The Friends of Simon Wiesenthal Center for Holocaust Studies (FSWC) has filed a hate speech complaint with the Toronto police against a speaker at this year’s Al-Quds Day rally at Queen’s Park.
In his speech at the June 24 event, Maulana Syed Mohammad Zaki Baqri of the Council of Islamic Guidance and the Al Mahdi Centre said, in English and Arabic, that, “Israel, Zionism, should and must know … it is the law that whoever oppresses, he has to be eliminated. One day or the other,” the FSWC alleges in its complaint.
The organization has provided police with a video of the statements.
In a letter to Ontario Attorney General Yasir Naqvi, the FSWC alleges that Baqri’s speech violates Sections 318 and 319 of the Criminal Code, “Advocating Genocide and Public Incitement of Hatred.”
Violations of both sections can lead to imprisonment, the FSWC pointed out in a press release.
“Friends of Simon Wiesenthal Center is disheartened by the vilification of Jewish Canadians and Israel on Toronto’s streets,” the group’s statement said.
The annual Al-Quds Day march and rally in Toronto made its way from Queen’s Park to the American consulate. Members of the Jewish Defense League (JDL) organized a counter-protest directly across from the consulate.
Prior to the event, B’nai Brith Canada launched an online petition asking the Canada Border Services Agency (CBSA) to deny entry to American Holocaust denier and conspiracy theorist Kevin Barrett.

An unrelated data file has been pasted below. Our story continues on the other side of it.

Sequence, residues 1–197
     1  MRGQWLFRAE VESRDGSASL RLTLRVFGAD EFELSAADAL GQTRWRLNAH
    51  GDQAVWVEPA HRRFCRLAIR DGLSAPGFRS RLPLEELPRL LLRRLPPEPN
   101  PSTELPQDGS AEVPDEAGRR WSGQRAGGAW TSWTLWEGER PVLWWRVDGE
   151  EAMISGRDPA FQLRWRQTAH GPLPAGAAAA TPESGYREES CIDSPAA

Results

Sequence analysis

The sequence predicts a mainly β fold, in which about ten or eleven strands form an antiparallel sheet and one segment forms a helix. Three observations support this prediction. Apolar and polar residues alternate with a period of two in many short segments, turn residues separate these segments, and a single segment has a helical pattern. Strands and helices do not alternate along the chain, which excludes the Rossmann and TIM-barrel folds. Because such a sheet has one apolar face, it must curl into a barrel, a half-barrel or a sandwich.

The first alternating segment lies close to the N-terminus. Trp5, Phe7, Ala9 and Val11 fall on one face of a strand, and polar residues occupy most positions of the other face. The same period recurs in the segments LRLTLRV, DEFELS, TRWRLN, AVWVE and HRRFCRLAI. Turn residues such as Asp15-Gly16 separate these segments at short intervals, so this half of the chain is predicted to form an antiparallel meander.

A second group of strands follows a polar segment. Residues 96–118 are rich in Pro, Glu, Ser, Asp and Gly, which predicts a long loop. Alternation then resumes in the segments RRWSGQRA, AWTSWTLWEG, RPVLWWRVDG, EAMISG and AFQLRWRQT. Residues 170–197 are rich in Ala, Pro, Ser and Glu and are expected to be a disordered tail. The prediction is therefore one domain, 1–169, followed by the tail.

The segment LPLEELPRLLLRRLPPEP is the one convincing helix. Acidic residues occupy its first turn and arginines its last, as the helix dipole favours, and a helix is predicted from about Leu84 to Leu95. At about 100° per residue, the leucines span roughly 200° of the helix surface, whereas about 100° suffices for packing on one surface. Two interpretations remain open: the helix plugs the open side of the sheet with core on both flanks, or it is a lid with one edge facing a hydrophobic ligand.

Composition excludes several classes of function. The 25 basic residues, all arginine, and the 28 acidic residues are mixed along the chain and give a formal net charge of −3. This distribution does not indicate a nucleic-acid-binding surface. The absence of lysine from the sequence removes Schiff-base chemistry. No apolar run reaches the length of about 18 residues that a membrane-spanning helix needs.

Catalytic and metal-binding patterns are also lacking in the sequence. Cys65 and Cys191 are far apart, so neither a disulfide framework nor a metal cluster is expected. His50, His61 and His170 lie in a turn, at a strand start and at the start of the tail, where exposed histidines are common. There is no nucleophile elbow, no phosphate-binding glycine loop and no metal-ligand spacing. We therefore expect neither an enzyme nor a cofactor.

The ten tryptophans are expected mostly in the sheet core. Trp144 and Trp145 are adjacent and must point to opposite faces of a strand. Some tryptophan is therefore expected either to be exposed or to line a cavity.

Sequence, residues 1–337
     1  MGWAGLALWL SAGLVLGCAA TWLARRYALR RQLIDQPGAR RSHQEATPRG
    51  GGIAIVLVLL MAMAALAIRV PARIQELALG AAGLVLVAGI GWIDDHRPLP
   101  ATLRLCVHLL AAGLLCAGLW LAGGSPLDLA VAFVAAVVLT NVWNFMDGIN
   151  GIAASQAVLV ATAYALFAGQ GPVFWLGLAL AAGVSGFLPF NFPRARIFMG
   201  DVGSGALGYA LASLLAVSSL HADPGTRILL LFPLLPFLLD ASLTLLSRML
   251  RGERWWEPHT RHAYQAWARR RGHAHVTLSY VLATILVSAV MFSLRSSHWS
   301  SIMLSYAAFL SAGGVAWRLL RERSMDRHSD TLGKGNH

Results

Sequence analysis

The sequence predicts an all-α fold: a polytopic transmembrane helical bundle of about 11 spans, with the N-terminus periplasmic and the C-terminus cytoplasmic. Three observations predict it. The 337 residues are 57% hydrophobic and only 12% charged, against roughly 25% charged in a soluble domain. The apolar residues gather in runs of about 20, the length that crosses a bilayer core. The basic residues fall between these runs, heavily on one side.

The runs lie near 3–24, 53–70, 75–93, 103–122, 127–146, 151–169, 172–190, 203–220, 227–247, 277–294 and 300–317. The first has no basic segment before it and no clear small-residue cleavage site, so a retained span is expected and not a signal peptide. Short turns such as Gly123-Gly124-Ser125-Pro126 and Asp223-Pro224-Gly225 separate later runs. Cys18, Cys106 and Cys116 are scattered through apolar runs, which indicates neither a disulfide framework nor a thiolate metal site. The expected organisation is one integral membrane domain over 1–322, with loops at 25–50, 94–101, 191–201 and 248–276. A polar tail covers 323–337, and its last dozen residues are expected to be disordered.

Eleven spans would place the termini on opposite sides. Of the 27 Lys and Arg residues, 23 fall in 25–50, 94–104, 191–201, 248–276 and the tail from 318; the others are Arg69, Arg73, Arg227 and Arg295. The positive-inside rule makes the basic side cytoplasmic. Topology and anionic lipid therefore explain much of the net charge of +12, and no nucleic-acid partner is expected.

“Toronto police must not allow Queen’s Park, our provincial legislature, to become a platform for Holocaust denial and anti-Semitism, and the CBSA (Canadian Border Services Agency) must not allow Kevin Barrett into our country. Enough is enough,” wrote B’nai Brith in a news release.
Despite garnering more than 2,000 digital signatures, the petition was unsuccessful and Barrett addressed the crowd, as scheduled.
The Centre for Israel and Jewish Affairs (CIJA) shared photos of marchers carrying Palestinian flags and signs calling for a boycott of Israel, as well as a video on Twitter of protesters chanting, “From the river to the sea, Palestine will be free.”
“We urge leaders in government and civil society to join us in strongly condemning this shameful demonstration of bigotry and extremism,” Berl Nadler, the Toronto chair of CIJA, said in a statement.
“It is disturbing, but not surprising, to see that the Al-Quds Day rally was once again a platform for calls for Israel’s destruction and the airing of anti-Semitic conspiracy theories – including the claim that Israel was behind 9/11.”
Hebrew music could be heard from the JDL counter-protest, which included individuals waving Israeli and Canadian flags. People also held signs for Pegida, an anti-Islamic group.
There was a heavy police presence along University Avenue to keep the two crowds apart, after they both converged by the consulate in the late afternoon.
Al-Quds Day started in Iran in 1979, as a way to protest Jerusalem Day. It’s traditionally held around the world on the final day of Ramadan and generally includes calls to end the “occupation” of Jerusalem and for the destruction of Israel.